Monday 16 January 2012

The Good, the Bad and the unnecessarily expensive

A new Comment is Free piece by former Tory MP Paul Goodman appeared online this evening, in which he tried to justify taking money from disabled people and giving it to a company like Atos instead.

He starts out pretending that he might actually live up to his surname and feigning concern for his old constituents. In paragraph number 5 he even uses some actual facts:

The problem with DLA isn't that it traps disabled people on benefits – its purpose is to support the care and mobility needs of disabled people, whether they work or not. Nor is the key issue fraud – which is proportionately tiny: a mere 0.5%.

You can tell he's no longer in office, can't you? If a current MP told the truth about benefits so brazenly Cameron would probably have him bent over his lap, bullwhip in hand, faster than one can say "calm down dear".

The article was clearly an attempt at something of a con. Obviously his thought process was "if you start with the facts people will think you're an honest writer. So then when you slip some bullcrap in 2 thirds of the way through, they'll have built the perception that you're an honest kinda guy and won't bother checking any more."

That's when it goes to shit.

But there is a real problem, and that is error. More than 70% of the current DLA caseload has an indefinite award. There is no effective means of ensuring these payments remain correct. Ministers claim there are hundreds of millions of pounds of overpayments.

You know what, I'm gonna take this one sentence at a time.

But there is a real problem, and that is error.

This is actually pretty true. The fraud rate for DLA is, as he has already pointed out, 0.5%. The rate of customer error is 0.6% and the rate of DWP error is 0.8% (see table on page 12 of this DWP report), so it is the DWP doing the bulk of the ballsing up.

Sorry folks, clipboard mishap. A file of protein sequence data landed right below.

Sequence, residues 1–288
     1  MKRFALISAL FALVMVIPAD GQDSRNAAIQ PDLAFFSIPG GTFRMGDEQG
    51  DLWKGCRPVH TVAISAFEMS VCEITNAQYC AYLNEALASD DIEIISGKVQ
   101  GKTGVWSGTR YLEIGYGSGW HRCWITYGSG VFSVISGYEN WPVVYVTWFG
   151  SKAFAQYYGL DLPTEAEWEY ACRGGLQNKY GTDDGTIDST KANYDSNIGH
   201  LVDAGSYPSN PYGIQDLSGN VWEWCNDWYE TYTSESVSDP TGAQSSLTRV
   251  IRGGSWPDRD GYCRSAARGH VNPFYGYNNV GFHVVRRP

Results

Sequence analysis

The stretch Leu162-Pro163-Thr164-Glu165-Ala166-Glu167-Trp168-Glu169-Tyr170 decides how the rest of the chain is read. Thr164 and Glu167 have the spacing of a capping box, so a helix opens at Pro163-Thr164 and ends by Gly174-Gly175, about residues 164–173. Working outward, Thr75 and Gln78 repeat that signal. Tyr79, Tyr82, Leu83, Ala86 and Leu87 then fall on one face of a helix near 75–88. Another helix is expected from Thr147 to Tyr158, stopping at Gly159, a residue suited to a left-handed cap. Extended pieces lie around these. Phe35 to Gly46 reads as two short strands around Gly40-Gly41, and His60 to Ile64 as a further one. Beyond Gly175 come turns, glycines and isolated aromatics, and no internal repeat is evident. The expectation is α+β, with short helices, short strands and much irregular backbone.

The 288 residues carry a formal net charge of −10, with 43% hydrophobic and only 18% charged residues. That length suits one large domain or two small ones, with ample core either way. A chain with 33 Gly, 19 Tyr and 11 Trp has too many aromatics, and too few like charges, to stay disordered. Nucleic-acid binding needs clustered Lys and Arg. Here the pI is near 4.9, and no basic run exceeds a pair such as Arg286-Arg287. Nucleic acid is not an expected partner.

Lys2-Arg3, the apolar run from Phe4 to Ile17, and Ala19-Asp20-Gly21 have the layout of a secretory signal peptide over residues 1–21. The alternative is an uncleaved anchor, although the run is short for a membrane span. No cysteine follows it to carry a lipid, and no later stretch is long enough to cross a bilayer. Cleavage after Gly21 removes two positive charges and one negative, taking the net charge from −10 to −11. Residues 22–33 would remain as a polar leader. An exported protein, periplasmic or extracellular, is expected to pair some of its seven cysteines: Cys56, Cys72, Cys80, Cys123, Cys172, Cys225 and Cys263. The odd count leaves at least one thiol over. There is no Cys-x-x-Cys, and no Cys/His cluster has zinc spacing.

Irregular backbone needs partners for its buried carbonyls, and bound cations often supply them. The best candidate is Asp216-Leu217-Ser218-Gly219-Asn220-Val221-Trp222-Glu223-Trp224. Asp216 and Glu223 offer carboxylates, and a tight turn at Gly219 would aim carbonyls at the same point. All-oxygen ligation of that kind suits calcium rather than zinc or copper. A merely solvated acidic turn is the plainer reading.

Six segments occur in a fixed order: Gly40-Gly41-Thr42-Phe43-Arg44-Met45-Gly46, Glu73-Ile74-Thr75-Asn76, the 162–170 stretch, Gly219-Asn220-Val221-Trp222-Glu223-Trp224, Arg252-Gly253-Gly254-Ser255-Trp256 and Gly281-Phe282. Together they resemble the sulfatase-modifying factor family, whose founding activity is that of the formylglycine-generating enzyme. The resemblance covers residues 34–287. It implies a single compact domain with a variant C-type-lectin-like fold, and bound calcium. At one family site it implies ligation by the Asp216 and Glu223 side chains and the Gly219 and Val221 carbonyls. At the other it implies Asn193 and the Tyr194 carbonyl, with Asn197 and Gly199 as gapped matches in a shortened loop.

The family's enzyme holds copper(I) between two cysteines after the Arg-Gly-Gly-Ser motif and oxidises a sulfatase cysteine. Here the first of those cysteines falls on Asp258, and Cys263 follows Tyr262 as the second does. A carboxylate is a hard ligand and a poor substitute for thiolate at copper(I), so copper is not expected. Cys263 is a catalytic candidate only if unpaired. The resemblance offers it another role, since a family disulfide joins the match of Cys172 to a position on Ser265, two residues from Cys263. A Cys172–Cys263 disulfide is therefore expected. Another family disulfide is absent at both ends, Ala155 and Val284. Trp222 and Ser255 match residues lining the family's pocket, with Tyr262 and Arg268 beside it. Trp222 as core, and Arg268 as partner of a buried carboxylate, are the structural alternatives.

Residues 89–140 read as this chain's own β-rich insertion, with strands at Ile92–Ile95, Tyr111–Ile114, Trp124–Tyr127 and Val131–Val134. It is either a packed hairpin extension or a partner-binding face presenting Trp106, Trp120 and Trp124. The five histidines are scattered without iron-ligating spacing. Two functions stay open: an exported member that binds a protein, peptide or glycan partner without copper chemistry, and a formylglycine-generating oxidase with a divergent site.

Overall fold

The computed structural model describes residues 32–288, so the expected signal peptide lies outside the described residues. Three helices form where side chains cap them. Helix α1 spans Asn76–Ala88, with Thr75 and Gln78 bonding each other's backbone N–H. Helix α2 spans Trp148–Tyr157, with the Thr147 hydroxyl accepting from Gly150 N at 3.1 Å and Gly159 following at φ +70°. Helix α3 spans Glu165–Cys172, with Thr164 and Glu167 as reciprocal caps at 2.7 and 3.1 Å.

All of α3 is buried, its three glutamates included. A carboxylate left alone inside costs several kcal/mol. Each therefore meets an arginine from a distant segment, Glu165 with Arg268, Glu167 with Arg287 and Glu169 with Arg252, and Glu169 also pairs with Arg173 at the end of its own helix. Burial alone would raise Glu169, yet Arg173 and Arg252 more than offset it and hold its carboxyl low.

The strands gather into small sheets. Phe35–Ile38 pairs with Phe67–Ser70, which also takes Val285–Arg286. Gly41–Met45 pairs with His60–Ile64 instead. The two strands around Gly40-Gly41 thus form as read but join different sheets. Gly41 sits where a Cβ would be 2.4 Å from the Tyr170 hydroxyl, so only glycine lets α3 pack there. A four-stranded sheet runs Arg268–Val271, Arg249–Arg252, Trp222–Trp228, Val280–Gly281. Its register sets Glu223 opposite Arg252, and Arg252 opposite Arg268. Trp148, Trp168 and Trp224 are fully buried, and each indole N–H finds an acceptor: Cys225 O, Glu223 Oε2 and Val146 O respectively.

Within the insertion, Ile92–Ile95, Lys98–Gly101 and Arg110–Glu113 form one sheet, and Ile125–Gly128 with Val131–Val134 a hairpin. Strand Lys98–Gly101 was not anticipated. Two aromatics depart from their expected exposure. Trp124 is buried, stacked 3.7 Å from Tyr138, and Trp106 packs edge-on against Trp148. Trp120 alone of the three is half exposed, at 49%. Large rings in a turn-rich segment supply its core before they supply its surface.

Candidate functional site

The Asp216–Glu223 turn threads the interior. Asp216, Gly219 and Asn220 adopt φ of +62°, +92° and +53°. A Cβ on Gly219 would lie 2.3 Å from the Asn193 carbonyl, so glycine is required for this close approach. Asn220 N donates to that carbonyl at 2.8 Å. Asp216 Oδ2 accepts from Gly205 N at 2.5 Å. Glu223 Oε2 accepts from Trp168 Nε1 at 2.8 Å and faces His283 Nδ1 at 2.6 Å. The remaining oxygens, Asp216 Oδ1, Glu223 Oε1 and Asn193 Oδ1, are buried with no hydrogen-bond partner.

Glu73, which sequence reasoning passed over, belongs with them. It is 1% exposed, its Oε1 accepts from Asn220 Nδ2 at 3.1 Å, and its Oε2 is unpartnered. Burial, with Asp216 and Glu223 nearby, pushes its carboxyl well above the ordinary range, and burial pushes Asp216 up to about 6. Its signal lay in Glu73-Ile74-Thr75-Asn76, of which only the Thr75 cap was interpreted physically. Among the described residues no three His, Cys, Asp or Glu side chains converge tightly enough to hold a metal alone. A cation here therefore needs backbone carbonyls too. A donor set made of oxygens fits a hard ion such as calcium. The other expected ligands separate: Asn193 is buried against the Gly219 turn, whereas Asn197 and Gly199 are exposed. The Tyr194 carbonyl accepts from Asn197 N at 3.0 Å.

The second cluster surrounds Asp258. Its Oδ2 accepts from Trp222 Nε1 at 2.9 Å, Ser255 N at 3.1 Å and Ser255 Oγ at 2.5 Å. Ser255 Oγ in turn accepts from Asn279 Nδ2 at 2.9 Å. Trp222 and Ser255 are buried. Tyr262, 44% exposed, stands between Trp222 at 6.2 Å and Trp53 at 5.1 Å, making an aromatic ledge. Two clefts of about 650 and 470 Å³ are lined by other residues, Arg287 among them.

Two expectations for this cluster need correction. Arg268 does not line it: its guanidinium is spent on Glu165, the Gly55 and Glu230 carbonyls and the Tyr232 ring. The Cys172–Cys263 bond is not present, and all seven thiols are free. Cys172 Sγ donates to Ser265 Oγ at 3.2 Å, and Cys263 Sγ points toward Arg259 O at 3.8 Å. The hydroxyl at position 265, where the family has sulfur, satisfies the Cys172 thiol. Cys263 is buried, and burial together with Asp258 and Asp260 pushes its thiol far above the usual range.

More than 70% of the current DLA caseload has an indefinite award.

This could possibly be true too. Haven't got the figures to hand, it's gone midnight and I want to go to bed at some point tonight so I'll just give him the benefit of the doubt. Next!

There is no effective means of ensuring these payments remain correct.

Here's where he tried to resort to a bit of semantic trickery. You see; if an award was made correctly at the time it was awarded, it's not error. If the recipient's circumstances change and they fail to notify the DWP then that's fraud. He is trying to imply that the fraud rate is greater than it is by trying to paint it as appearing in the "error" column.

Ministers claim there are hundreds of millions of pounds of overpayments.

If you go back to the document I linked to already you'll see that, actually, it's 2.2 hundreds of millions of pounds. The DLA spend is £12bn meaning the overall overpayment rate is 1.9%

He claims that regular reviews would stop people from getting overpaid if they get better. Apparently no-one told him that an incurable condition is for life, not just for Christmas. Do you think he knows many people with cerebral palsy who got miraculously cured? I wonder if his social circle is full of war veterans who lost limbs which then grew back? I know he sat on the opposite side of the house to them, but he must have crossed paths with them sometimes: Do you think he asks David Blunkett and Gordon Brown if their eyesight is getting better? And as it's something I have I'd be very curious to meet someone with magically vanishing osteogenesis imperfecta. One can only assume that Goodman believes that Lourdes actually works.